Exploring Filmmaking with Humor and Heart
Nov 30, 2015 04:10PM ● Published by David Norby
Talented filmmakers have paid visits to the Wild West again and again, but rarely so imaginatively as in Becoming Bulletproof, a nimble documentary from director Michael Barnett and producer Theodore James. The film explores the behind-the-scenes triumphs, trials and romances that unfold during the making of the original short Western drama, Bulletproof, a gunslinger epic populated almost entirely by actors with disabilities.
Chief among these actors is 29-year-old AJ Murray, a charismatic and dryly funny Georgia native who, near the start of the documentary, travels to Vermont to join Zeno Mountain Farm, a summer collective of artists and filmmakers led by brothers Will and Pete Halby. Ensconced in woodland beauty and enriched by creative spirit, Zeno’s mission is to “support lifelong friendships between people of diverse abilities” and to collaborate yearly with actors who may too often slip under the radar of traditional Hollywood storytelling.
For Murray, joining up with Zeno presents more than an opportunity to act before cameras—it’s a chance to experience true autonomy for the first time. Back home in Atlanta, Murray’s severe cerebral palsy has left him largely dependent on his mother, Cynthia, but he quickly finds himself thriving amidst the Zeno community—building dynamic new friendships, shouldering significant responsibility, and taking pride in his performance as a stately town mayor. As the documentary nears its end, it becomes clear the filmmaking experience has allowed Murray and many of his castmates to unlock parts of themselves they may not otherwise have been encouraged to discover. “You never really see anybody with a disability on TV,” Murray says. “We’re just asking for a seat at the table...I don’t know if I’m crazy, but my dream is to become a professional actor.”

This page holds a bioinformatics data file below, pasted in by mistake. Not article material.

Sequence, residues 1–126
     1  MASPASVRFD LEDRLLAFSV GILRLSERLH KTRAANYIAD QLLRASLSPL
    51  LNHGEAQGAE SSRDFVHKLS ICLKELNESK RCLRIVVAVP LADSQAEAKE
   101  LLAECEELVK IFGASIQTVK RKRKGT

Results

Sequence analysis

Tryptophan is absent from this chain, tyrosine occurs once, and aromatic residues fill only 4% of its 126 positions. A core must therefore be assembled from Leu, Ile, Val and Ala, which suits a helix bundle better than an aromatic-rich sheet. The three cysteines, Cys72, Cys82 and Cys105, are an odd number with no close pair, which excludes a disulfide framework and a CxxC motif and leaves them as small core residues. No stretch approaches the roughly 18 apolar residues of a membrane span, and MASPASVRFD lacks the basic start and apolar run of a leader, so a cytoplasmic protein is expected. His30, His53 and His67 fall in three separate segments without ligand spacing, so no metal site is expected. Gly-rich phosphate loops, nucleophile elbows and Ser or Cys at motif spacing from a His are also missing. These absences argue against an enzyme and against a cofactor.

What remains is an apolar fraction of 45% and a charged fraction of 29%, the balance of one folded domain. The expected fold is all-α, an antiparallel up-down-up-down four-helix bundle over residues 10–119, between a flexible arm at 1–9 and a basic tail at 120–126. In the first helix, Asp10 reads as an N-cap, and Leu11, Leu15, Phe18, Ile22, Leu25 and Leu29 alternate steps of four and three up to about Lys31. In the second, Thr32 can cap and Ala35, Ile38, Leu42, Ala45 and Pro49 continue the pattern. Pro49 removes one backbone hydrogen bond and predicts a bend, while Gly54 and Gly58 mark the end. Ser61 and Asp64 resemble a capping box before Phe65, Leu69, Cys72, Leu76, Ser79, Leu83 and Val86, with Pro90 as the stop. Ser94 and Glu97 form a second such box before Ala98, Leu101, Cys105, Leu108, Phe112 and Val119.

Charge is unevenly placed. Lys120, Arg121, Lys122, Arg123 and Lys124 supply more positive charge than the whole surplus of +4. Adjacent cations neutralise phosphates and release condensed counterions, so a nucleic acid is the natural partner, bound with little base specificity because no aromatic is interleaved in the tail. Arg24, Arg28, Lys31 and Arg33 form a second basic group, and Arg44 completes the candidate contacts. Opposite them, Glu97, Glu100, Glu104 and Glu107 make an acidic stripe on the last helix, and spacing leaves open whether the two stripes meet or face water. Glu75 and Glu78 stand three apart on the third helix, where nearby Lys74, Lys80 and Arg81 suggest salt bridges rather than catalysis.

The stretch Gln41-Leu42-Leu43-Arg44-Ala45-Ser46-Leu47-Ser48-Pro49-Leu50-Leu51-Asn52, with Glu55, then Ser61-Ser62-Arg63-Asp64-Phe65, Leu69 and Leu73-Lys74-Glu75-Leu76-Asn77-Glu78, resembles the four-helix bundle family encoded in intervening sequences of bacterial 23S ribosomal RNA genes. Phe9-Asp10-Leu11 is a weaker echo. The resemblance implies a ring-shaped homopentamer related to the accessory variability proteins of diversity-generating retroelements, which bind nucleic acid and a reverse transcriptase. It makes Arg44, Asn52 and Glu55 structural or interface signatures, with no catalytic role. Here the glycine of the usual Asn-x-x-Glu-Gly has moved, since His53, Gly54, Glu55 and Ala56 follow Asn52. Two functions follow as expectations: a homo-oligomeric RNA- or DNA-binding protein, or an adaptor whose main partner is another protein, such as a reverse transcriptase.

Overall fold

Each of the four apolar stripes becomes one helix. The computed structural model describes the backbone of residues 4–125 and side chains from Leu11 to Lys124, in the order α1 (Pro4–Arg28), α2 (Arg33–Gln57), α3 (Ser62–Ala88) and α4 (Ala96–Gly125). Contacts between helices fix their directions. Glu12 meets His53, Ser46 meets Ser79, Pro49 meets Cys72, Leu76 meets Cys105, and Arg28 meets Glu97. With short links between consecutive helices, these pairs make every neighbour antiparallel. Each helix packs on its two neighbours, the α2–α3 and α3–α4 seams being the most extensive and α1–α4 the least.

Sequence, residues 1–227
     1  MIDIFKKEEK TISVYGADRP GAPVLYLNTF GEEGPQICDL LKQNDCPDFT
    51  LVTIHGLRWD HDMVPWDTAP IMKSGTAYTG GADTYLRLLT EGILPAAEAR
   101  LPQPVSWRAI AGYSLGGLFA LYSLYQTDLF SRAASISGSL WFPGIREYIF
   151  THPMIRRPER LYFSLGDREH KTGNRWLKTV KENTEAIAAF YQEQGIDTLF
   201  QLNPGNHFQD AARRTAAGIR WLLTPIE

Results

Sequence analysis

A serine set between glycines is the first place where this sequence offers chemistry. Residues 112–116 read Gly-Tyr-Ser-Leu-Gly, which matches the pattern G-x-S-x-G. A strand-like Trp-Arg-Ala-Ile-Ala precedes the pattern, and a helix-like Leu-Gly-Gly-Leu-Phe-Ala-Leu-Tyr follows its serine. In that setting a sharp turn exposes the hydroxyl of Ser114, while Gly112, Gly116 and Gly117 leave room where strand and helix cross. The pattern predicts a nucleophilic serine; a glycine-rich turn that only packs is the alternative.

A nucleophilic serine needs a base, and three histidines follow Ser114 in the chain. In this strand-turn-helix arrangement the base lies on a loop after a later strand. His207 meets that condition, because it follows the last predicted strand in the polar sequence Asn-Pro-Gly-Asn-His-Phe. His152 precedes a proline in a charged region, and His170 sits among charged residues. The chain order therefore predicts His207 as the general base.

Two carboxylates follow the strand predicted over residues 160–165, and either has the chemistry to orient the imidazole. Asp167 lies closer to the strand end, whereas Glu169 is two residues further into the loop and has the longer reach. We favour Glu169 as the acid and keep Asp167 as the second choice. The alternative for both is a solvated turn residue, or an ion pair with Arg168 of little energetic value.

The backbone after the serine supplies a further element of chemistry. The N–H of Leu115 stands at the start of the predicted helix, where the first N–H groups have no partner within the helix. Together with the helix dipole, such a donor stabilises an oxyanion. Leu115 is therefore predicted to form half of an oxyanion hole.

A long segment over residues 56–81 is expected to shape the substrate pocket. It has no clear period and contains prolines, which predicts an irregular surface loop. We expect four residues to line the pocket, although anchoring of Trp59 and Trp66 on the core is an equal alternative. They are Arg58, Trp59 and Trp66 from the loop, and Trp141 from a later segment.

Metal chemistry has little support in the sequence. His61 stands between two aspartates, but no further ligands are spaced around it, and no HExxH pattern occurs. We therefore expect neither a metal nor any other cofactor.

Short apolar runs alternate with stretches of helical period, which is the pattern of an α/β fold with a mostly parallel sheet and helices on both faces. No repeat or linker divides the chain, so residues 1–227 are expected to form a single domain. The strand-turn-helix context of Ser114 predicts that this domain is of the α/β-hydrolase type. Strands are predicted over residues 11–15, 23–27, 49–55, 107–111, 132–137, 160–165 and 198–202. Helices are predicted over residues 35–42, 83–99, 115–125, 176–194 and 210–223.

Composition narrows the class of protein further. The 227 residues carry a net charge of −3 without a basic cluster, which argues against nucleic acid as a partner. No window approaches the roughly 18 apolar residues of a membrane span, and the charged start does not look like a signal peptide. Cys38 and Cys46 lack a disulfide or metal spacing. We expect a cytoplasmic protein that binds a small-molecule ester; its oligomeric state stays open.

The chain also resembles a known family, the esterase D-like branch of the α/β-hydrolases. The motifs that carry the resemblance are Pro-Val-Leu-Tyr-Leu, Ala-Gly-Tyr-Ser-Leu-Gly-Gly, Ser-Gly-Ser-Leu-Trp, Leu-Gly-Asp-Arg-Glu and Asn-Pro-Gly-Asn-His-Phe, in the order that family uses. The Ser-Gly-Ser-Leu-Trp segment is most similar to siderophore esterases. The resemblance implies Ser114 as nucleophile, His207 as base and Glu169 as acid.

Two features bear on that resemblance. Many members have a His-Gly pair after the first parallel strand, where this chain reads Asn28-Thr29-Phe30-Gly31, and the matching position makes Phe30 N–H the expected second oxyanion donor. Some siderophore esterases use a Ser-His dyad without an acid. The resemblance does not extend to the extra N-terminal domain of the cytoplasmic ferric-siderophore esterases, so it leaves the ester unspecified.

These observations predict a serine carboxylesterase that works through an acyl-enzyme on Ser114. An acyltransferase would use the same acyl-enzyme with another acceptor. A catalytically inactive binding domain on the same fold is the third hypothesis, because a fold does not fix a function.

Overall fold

The production of Bulletproof allows each member of the Zeno community to bring himself or herself one step closer to that shared crazy dream—and the production of Becoming Bulletproof gently prompts audiences to examine their own preconceptions about the intersection of disability and artistic talent. As behind-the-scenes romances unfold, and as the actors confront intimate topics including dating, sex and social isolation, Hollywood’s overwhelming preference toward performers without disabilities registers as a remarkable blind spot in its storytelling opportunities. There is far too much humanity and talent in Becoming Bulletproof to be ignored or trivialized.
The documentary’s primary strength is its ability to side-step the mawkishness that so often accompanies big-screen depictions of disability; rather than wallow in the physical conditions of his interview subjects, Barnett trusts these artists to register as complex and interesting people united in the pursuit of quality storytelling. Interwoven throughout the behind-the-scenes challenges of location logistics and dialogue memorization are sequences from the Bulletproof Western itself, which culminates in a classic high-noon shootout between actors Jeremy Vest (as the heroic Bulletproof Jackson) and Zack Gottsagen (as the villainous Grimm Jim), both of whom demonstrate a natural ease in their roles.
‘Becoming Bulletproof’ will screen at Los Angeles’s Museum of Tolerance on November 12, hosted by actress Jamie Lee Curtis. For additional screening locations, or for more information about the film, visit becomingbulletproofmovie.com.
HEART AND SOUL
The heart and soul of Becoming Bulletproof is the charismatic AJ Murray — his speech affected by his cerebral palsy, his spirit affected by talent and ambition. He credits the experience of making the documentary for allowing him to “feel significance, dignity and purpose.” Says AJ, “I do not want pity because I have a disability, I just want to be understood. I want disability to have a seat at the table in pop culture.”
Once the cameras have cooled and the film is “in the can,” Murray confides his sadness that his Zeno experience has completed for the summer—and a frustration that returning to Georgia and into his mother’s care is a return to feeling “worthless.” But this heart-rending moment, like so many others in Becoming Bulletproof, isn’t mined for sympathy. Instead, Murray’s confession reinforces a premise central to the documentary’s power: perhaps a talented person like AJ Murray is only as disabled as his lack of opportunity allows.